No matter how you prepare, or seek to qualify, for a career as a digital forensics expert, here are the skills you should have or plan to develop:

  • Understand how to find and expose hidden, deleted, encrypted or obscured files, logs, browsing history and more
  • Establish and maintain a chain of evidence for digital storage media of all kinds, including maintaining and securing originals, generating and analyzing bit-level copies, documenting all accesses and uses, and establishing ownership and control information
  • Understand the types of legal evidence, and the legal rules regarding how evidence is obtained, accessed, documented and reported upon
  • Understand security incidents, attack methodologies and incident response
  • Understand access control mechanisms, including authentication and authorization, rights and privileges, accounts and controls, encryption/decryption, and how to attack and penetrate digital defenses including technical attacks and social engineering
  • Have working knowledge of a variety of digital forensics tools and software, necessary to obtain, document and display or report upon digital evidence
  • Be a multi-tasker, with good time-management and self-motivation skills
  • Be an excellent communicator (written and verbal), able to communicate deep technical details in simple, everyday language (in written form in analyses and reports, and verbal form in providing testimony)

Digital forensics experts benefit from cultivating scripting and programming skills, with a particular emphasis on encryption and decryption, as well as text search and manipulation. You don't necessarily need years of programming or scripting experience to be a digital forensics expert, but basic proficiency or better will be of great help in doing the job properly and well.

Must-Have Certifications

Digital forensics experts should consider earning one or more certifications to demonstrate their skills and knowledge. Some forensics certifications are vendor-neutral, and recognize knowledge and skills applicable across all facets of the digital forensics field. Others are vendor-specific and focus on specific and highly regarded forensics tool suites. Many digital forensics credentials, including some of the best ones, primarily focus on law enforcement professionals, and may not be readily available to the public.

Here are three of the most popular and sought-after information security certifications:

  • Certified Computer Examiner (CCE): An intermediate-level certification for IT professionals, security officers and managers, security or forensics consultants, and so forth with three or more years of experience working in the field. Earning a CCE requires passing a hands-on practical exam. At the outset of the exam, students must complete a proctored, online multiple- choice exam along with hands-on analysis of a series of problems. Next, candidates conduct a forensic examination of a test drive handed to them, along with an assignment to be completed. The exam culminates with a report of their findings submitted to an assigned assessor. Formal training is not required but comes highly recommended for this coveted credential.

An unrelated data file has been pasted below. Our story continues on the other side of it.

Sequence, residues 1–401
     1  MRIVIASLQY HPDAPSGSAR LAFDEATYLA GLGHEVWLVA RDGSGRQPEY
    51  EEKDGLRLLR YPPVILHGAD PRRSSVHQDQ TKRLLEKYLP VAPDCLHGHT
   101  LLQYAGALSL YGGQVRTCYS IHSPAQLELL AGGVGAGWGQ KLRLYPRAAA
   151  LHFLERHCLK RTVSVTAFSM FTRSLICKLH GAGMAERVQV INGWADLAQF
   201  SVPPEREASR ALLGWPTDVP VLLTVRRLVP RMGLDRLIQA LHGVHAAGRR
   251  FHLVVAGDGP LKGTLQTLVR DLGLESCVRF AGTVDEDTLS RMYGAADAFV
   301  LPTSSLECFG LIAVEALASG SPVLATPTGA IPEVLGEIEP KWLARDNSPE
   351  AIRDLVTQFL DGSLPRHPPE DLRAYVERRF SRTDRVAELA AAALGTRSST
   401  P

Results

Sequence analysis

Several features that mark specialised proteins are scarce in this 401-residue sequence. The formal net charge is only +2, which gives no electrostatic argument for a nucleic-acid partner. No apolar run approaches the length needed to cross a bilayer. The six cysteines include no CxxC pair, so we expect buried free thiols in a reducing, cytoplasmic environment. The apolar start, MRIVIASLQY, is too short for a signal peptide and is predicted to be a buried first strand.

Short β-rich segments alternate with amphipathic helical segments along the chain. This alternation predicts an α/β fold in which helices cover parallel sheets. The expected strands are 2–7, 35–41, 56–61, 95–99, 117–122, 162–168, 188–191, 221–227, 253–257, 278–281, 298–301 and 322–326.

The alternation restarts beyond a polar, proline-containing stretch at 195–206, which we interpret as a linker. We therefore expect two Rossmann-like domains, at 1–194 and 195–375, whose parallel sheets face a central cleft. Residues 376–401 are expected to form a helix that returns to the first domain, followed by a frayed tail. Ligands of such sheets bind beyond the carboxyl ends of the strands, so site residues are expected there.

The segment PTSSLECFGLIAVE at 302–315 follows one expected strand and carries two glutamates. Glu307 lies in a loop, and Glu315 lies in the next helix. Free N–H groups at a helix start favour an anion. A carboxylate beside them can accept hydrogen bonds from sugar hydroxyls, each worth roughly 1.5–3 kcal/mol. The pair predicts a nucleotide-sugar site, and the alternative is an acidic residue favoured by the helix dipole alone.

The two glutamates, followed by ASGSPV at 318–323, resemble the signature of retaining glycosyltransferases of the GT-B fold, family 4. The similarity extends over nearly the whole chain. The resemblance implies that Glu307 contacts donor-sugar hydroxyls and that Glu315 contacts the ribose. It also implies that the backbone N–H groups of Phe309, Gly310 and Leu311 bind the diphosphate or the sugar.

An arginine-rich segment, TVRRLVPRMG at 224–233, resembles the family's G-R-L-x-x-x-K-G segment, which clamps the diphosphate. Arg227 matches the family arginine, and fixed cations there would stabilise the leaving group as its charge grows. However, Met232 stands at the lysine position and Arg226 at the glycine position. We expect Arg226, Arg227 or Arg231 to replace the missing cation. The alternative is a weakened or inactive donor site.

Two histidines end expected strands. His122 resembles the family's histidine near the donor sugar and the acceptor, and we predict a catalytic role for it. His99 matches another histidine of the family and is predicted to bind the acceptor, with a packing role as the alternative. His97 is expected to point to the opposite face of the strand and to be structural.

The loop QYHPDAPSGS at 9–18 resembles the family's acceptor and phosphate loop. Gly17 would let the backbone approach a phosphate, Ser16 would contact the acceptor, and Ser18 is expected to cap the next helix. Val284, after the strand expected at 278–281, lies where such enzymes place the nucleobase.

• Certified Forensics Computer Examiner (CFCE): A mid-level certification from the International Association of Computer Investigative Specialists (IACIS), the CFCE aims primarily at a law enforcement audience. (Individuals must be employed in law enforcement to qualify for full IACIS membership, though associated membership is available to those who work in the private sector.) The process of earning a CFCE starts with a detailed formal application and an equally exhaustive background check. From there, the CFCE involves a two-step testing process much like that for the CCE. A peer review involves accepting and completing four practical problems related to core skills and knowledge for the credential. Solutions go through peer review and must be judged successfully completed before candidates move on to a certification phase, wherein they must analyze and report on a forensic hard drive image provided to them for that purpose. They must compile a written report to document their activities and findings. If judged successful, candidates will become CFCE certified.